In Defense of Drunken Caroling
Canada: great at exporting comedians, pancake accoutrements and, apparently, fun. Last week, we stumbled across these photos of a 1930s songbook put together by the owners of the venerable Labatt Brewing Company. The book, filled with traditional drinking songs, was given to all employees—as a too-seldom-invoked method of ensuring company bonding.
It’s not that people don’t get drunk and sing anymore (that is the distilled essence of karaoke, after all), but it is rare that grown gentlemen sing together in spirited voice without accompaniment.
Sure, there are exceptions. There’s the occasional shouting of “Hey” during Gary Glitter’s “Rock and Roll Part II” at sporting events, fratty sing-alongs of “Sweet Caroline” when it’s closing time at a bar or, most dreadfully, the awkward, all-office version of “Happy Birthday” for that girl who may or may not work in Accounts Receivable.
But for the most part, that’s it. Which is why we’d like to defend drunken caroling...
First of all: this is a shockingly easy practice to revive. Pick your 10 favorite Christmas, Hanukkah or Festivus carols—or any nondenominational, vaguely wintry tunes that feature either chestnuts or snowmen. Google the lyrics. Print out copies of said lyrics and pass them out to your like-minded cohorts. Drink enough alcohol so that you feel a warmth in your cheeks, but not so much that you cannot walk a straight line (there will be walking involved). Leave the house as one merry band and commence with the vocalizing.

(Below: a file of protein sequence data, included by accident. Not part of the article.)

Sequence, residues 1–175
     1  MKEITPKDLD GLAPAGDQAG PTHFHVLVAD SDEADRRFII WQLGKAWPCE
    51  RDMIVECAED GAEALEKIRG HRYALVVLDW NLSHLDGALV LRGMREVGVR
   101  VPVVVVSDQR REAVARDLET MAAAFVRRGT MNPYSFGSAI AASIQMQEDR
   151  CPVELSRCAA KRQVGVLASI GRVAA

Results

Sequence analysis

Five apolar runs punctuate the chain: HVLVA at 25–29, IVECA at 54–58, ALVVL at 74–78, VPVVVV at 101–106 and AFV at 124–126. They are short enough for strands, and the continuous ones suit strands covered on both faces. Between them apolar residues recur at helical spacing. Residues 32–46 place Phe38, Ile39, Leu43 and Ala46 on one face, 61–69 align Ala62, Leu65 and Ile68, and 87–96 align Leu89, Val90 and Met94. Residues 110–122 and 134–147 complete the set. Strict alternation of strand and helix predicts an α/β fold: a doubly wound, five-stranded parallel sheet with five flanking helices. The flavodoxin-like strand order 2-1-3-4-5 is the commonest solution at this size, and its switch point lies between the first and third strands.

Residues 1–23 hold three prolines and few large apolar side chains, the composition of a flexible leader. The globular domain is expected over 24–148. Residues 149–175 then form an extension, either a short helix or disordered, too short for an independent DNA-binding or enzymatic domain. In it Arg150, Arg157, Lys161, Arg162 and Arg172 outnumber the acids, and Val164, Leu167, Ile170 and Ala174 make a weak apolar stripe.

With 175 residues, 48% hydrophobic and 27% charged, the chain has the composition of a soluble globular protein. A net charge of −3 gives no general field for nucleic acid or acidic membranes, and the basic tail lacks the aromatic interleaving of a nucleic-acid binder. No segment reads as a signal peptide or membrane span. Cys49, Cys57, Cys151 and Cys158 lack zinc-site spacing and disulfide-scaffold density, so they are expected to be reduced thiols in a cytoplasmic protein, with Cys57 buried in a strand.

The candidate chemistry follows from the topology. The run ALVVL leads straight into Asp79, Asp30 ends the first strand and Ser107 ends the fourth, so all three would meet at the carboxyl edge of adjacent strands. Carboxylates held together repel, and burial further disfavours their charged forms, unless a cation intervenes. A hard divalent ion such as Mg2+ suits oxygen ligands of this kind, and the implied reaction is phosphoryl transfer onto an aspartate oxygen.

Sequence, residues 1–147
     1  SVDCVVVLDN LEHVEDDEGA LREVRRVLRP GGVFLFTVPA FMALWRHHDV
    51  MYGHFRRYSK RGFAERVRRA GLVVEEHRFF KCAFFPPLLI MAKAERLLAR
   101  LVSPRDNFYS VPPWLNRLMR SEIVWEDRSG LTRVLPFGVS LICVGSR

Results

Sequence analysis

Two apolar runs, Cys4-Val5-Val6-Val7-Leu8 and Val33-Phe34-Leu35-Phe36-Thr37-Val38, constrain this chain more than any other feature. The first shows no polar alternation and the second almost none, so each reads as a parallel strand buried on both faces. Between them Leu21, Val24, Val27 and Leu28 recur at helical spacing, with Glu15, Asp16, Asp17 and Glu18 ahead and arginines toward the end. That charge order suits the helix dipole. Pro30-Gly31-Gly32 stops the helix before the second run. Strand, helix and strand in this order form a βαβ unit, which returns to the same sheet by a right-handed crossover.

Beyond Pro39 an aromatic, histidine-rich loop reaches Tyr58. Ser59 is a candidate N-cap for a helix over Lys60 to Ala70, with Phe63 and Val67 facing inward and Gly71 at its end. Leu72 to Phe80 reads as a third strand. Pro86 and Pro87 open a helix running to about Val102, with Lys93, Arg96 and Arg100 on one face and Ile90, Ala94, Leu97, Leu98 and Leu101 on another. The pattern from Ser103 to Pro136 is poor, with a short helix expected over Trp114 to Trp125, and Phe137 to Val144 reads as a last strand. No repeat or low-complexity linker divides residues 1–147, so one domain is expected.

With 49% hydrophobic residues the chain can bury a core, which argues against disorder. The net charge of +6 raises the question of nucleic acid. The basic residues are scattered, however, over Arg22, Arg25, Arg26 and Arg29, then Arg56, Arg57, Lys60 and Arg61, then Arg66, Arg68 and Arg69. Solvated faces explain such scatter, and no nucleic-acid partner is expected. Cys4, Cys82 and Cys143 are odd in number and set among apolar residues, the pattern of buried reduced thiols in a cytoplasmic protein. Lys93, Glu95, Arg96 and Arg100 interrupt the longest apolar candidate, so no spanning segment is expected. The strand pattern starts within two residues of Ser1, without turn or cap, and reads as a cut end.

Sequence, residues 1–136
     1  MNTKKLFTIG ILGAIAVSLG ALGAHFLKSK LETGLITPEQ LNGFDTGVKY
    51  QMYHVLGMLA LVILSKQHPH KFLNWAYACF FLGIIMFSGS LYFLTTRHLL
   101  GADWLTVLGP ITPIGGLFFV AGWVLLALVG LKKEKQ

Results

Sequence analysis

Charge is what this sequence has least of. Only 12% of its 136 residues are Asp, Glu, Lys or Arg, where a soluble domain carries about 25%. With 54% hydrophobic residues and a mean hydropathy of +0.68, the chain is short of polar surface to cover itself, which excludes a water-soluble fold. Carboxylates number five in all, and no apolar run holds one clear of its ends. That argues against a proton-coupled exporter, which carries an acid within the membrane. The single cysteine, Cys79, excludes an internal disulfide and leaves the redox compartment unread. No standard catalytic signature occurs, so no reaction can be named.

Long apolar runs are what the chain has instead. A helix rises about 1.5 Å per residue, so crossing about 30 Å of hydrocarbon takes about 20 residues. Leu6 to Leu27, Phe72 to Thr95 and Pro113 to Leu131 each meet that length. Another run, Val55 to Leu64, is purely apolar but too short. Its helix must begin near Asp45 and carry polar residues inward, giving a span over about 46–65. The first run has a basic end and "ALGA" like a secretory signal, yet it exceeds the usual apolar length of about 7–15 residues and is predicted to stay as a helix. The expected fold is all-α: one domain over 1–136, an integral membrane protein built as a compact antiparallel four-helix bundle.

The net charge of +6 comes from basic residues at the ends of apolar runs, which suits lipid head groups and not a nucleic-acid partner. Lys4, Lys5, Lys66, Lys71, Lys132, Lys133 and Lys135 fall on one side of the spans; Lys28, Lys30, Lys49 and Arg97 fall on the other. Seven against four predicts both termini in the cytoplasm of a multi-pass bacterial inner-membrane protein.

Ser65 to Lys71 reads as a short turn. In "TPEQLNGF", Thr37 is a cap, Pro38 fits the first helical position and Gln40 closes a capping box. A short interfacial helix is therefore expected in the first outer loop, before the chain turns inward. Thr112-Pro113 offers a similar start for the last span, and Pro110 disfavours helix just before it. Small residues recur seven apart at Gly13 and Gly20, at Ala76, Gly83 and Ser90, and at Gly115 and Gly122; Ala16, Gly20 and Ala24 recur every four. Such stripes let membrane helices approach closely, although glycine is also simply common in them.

And that’s... pretty much it.
It works because everyone knows the songs, and the booze loosens up the vocal chords. Plus, according to 1950s medical wisdom, that cold air will do you some good.
As the evening goes on, the voices will get louder, and you may start to wonder if you’re being a little too loud...
But you will come to learn many things in such an outing, the most important being this: a group of staggering degenerates clutching sheets of lyrics and singing wholeheartedly is not a group of staggering degenerates at all. It is a merry band spreading holiday cheer, and you can pretty much get away with anything. People will smile, take pictures with you and occasionally even invite you into their homes, where they will offer you even more drinks and other holiday treats.
At which point, tell them you’re not planning on leaving until they bring you some figgy pudding. And no, you won’t go until you get some.